Nigerian writers have earned global acclaim with excellent writing over the years. If you have never read a Nigerian novel, you’re missing the opportunity for a thrilling experience. Subsequently, it was difficult narrowing this list down to just 5 books because of the plethora of amazing books from Nigeria. Aside from the brilliant writing, these books were also chosen because of the impact the novels had. Furthermore, they had a huge significance in the way Nigerian history is told through stories.
Things Fall Apart – Chinua Achebe
Things Fall Apart is the debut novel by Nigerian author Chinua Achebe first published in 1958. It depicts pre-colonial life in the southeastern part of Nigeria and the invasion by Europeans during the late 19th century. Particularly, it follows the life of Okonkwo, an Igbo man and local wrestling champion in the fictional Nigerian clan of Umuofia. Achebe’s writing is smooth and inundated with proverbs, the palm oil with which words are eaten. The book has also been translated into over 50 languages and won several awards.
The Joys of Motherhood – Buchi Emecheta
The Joys of Motherhood is a story about the life of Nnu Ego, a Nigerian woman whose life revolves around her children. It explores what it means to be a mother in Nigeria. Generally, traditions and customs seem to always be changing, as well as marriage, colonialism and gender roles in society. What greater honour is there for a woman than to be a mother? Nnu Ego works extremely hard to provide for her children, with the hope that one day all of her suffering and sacrifice would pay off. The book also borders on African tradition, Slavery, and the transition from rural life to modern civilization.
Half of A Yellow Sun – Chimamanda Ngozi Adichie
Half of a Yellow sun tells the story of the Biafran war through the perspective of three characters. The effect of the war is shown through the relationships in five people’s lives. The people include the twin daughters of an influential businessman, a professor, and a Nigerian houseboy. After Biafra’s declaration of secession, the lives of the main characters drastically change. Afterwards, they are torn apart by the brutality of the civil war and decisions in their personal lives. The book was also awarded the Women’s Prize for Fiction in 2007 and was adapted into a film in 2013. Other works by the author include Americanah, Purple Hibiscus, and The Thing Around Your Neck.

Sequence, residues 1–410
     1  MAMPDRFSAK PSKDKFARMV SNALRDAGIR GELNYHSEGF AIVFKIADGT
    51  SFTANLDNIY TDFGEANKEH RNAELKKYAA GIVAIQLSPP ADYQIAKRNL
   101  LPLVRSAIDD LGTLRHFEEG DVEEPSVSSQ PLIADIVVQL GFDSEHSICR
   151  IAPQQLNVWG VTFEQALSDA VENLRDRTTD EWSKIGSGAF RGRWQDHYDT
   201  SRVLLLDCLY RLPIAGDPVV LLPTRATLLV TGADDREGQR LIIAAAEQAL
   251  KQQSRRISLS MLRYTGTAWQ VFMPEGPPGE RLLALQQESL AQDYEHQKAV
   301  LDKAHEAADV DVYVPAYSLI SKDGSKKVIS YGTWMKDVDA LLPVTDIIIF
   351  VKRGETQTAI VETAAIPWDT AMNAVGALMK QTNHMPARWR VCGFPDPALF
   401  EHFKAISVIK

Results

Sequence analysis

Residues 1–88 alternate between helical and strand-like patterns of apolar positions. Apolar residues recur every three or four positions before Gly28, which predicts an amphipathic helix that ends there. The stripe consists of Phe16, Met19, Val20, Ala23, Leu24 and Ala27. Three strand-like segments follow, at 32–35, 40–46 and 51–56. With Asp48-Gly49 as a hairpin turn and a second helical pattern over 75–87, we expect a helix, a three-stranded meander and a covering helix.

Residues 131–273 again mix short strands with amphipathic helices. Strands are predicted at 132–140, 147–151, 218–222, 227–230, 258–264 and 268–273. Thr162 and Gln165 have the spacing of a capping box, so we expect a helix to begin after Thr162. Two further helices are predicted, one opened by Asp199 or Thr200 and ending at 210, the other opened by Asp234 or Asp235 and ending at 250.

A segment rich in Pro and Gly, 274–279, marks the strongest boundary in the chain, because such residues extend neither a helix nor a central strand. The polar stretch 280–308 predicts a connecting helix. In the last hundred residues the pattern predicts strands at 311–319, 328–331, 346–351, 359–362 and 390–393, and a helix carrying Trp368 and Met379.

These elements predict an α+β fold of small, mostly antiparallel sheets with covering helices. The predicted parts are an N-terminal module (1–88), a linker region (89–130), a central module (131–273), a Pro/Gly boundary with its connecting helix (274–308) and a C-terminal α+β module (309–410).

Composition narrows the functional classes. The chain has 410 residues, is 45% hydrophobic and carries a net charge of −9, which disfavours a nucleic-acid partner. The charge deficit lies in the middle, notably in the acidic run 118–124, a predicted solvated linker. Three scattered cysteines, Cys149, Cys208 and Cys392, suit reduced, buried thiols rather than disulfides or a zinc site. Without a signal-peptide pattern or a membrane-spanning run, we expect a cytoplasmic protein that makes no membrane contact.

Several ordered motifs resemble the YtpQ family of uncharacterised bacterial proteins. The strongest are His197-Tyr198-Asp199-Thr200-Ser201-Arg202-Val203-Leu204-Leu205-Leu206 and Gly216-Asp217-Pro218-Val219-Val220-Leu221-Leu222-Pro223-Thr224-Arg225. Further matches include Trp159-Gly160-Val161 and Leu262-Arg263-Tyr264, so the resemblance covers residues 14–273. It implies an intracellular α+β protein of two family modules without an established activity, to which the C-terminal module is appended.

The Fishermen – Chigozie Obioma
Chigozie Obioma’s The Fishermen established the author as an instant heavyweight in the literary space. It is set in the 1990s and tells the story of four brothers from a quiet middle-class family. The oldest 15, and the youngest 9, take advantage of their father’s extended absence to skip school and go fishing at a forbidden river. There they encounter a vision-seeing madman whose prophecy of violence will follow the boys throughout their lives and shake up their family in both devastatingly tragic and yet redemptive ways. The book was nominated for the Man Booker prize and won several literary awards. Obioma has also published another novel, An Orchestra of Minorities.
Oil On Water – Helon Habila
Oil on Water explores the conflict between idealism and cynical disillusionment in a journey full of danger and unintended consequences. The story is set in the oil-rich and environmentally devastated Nigerian Delta. Two journalists set out to find the kidnapped wife of a British oil executive. Waddling polluted rivers flanked by exploded and dormant oil wells, they must contend with the brutality of both government soldiers and militants. Basically, the story highlights the pollution and corruption eating up the Niger Delta. Helon Habila has won the Caine prize, the Commonwealth writers prize, and many more. His other books include “Waiting for an Angel”, “Measuring Time”, and “Travelers”.